(1856–1939), scholar, rabbi, Zionist, folklorist. Moses Gaster was born in Bucharest to a renowned Jewish family; his grandfather Asriel Gaster had been a community leader and synagogue founder, and his father Abraham Emanuel Gaster was the consul of the Netherlands in Bucharest.
In 1876, Gaster enrolled at the Jewish Theological Seminary in Breslau, where Heinrich Graetz and Zacharias Frankel were among his professors. He simultaneously took up linguistics, biblical studies, and oriental languages at the University of Breslau. In 1877, he earned his doctorate from the University of Leipzig, defending a thesis on the historical phonetics of the Romanian language.
In 1878, on Graetz’s initiative, Gaster joined the Romanian Committee in Berlin, a group that subsequent to the Russian–Turkish war demanded that Romania’s independence be conditional on Jewish emancipation. After his return to Romania in 1880, Gaster did research on ancient literature and Romanian folk literature, and lectured on comparative mythology at the University of Bucharest. He advocated the granting of equal rights to Romanian Jews in the spirit of the Berlin Treaty, and was a founder of the local organization of Ḥibat Tsiyon. In 1882, he was one of the main organizers of Samarin (Zikhron Ya‘akov), the first colony of Romanian Jews in Palestine.
Gaster was banished from Romania in 1885, along with others who had campaigned to publicize restrictive legislative measures and administrative abuse of Jews in Romania. He moved to England, where he delivered the Ilchester series of lectures on Slavic literature at Oxford University. In 1887, he was appointed rabbi (ḥakham) of the Sephardic community of London. He also served as director of Montefiore College in Ramsgate, which he attempted to reorganize according to the model of the seminary he had attended in Breslau. Gaster was president of the Folklore Society and the Jewish Historical Society and vice president of the Royal Asiatic Society.
Gaster joined the Zionist movement at its very beginning and was the vice president of the second, third, fourth and seventh Zionist Congresses. He was also an active member of Ḥoveve Tsiyon and of the Anglo-Jewish Association, and was the founder and the chairman of the English Zionist Federation. Dedicated to cultural Zionism and unwilling to accept any territorial compromise, Gaster was involved in negotiations with British authorities over the fate of the Jewish homeland in Palestine. The first draft of the Balfour Declaration was written at his residence in London on 7 February 1917, in the presence of Chaim Weizmann, Naḥum Sokolow, James de Rothschild, Mark Sykes, and Herbert Samuel.
Gaster had made his scholarly debut with studies on the Romanian language, but in 1880, after his graduation and his return from Breslau to Bucharest, he concentrated on folk literature. He compiled the first comprehensive synthesis of Romanian literary folklore, published in Literatura populară română (Romanian Folk Literature; 1883) and Chrestomația română (Romanian Chrestomathy; 1892).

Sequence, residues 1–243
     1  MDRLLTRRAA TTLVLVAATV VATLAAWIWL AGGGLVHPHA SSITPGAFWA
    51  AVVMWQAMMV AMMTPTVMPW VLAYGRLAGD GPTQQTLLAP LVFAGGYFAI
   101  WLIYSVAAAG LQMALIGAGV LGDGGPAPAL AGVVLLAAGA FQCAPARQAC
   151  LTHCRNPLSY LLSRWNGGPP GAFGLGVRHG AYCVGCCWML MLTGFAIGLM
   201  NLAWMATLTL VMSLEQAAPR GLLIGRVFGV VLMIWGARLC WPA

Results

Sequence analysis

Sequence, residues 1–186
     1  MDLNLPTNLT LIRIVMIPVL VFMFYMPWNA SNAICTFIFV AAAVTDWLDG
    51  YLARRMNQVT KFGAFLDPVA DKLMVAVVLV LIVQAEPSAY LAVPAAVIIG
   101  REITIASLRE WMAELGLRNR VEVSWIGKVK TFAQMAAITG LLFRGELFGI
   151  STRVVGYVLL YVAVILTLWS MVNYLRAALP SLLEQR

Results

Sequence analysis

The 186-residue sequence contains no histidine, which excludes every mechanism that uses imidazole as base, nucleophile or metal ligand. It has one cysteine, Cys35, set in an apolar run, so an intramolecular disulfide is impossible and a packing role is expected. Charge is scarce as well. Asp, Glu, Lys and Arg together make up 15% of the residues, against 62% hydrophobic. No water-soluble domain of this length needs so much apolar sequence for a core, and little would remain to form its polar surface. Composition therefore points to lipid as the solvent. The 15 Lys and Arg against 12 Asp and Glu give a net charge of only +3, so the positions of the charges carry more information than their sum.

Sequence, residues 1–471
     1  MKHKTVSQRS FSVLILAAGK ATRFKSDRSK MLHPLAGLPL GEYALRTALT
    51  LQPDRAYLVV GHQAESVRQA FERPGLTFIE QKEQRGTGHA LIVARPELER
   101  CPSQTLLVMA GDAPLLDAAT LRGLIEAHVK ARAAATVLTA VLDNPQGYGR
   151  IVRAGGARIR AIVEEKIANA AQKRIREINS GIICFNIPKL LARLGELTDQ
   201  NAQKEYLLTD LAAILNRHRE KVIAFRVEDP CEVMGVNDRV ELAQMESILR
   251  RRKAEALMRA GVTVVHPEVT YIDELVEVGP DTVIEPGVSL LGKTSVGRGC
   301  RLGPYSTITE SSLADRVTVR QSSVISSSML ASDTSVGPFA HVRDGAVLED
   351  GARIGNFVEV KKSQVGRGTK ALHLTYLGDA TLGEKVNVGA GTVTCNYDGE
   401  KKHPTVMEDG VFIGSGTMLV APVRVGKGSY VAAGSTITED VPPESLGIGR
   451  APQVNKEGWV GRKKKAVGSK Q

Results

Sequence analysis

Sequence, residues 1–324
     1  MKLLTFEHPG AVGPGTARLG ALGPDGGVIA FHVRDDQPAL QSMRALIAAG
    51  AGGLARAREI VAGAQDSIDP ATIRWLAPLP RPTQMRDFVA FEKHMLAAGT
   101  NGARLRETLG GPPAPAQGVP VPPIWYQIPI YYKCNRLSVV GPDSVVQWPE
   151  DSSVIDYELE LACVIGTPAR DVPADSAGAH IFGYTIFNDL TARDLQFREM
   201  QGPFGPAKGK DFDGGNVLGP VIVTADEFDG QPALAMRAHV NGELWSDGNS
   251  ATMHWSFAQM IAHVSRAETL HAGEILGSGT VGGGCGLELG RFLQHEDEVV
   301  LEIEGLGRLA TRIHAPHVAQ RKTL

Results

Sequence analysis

Using the comparativist method for his folklore studies, Gaster considered Slavic and Byzantine folk literature to be the link between Jewish folk literature and European folklore. His research on the exegesis of the scripture and on Hebrew folk literature from Late Antiquity and the Middle Ages was collected in Studies and Texts in Folklore, Magic, Medieval Romance, Hebrew Apocrypha, and Samaritan Archaeology (3 vols., 1925–1928), which included his findings in other areas of Judaic and Samaritan studies. He also contributed to scholarly publications such as Archaeological Review, Asiatic Quarterly Review, Byzantinische Zeitschrift, Folk-Lore, Journal of Apocrypha, Journal of the Royal Asiatic Society, Slavonic Review, and Zeitschrift für alttestamentische Wissenschaft.
Beyond his scholarly research, Gaster published articles in prestigious Romanian cultural periodicals, and made numerous contributions to journals of Jewish studies such as Monatsschrift für Geschichte und Wissenschaft des Judentums, Revue des études juives, Hebrew Union College Annual, Jewish Quarterly Review, Anuar pentru Israeliți, and Sinai. Articles by Gaster were also published in popular Jewish publications such as The Jewish Chronicle, The Jewish Forum, The Jewish World, Ost und West, and the Jewish Tribune. Widely acknowledged as an outstanding promoter of Romanian popular literature, Gaster was elected in 1929 an Honorary Member of the Romanian Academy, to which he left his collection of Romanian medieval manuscripts. During the 1930s, although impaired by blindness, he continued both his research and his publishing activity, writing articles on Jewish topics with particular attention to Hebrew theological issues, Jewish settlement of Palestine, and the fate of European Jewry faced by the peril of Nazi Germany.
Moses Gaster, Judaica and Hungarica: A zsidó, magyar és román muvelodési és politikai kölcsönhatások történetébo, ed. Miskolczy Ambrus (Budapest, 1993); Moses Gaster, Memorii (fragmente) corespondenṭă, ed. Victor Eskenasy (Bucharest, 1998); Elisabetha Mănescu, Dr. Moses Gaster—viața şi opera sa (Bucharest, 1940); Bruno Schindler, ed., Occident and Orient: Being Studies in Semitic Philology and Literature, Jewish History and Philosophy and Folklore in the Widest Sense, in Honour of Haham Dr. M. Gaster’s 80th Birthday (London, 1936); Măriuca Stanciu, “A Promoter of the Haskala in Romania—Moses Gaster,” Studia Hebraica 1 (2001): 53–62.
RG 205, Kalman Marmor, Papers, 1880s-1950s; RG 375, Moses Gaster, Papers, ca. 1900-1920s.
Translated from Romanian by Anca Mircea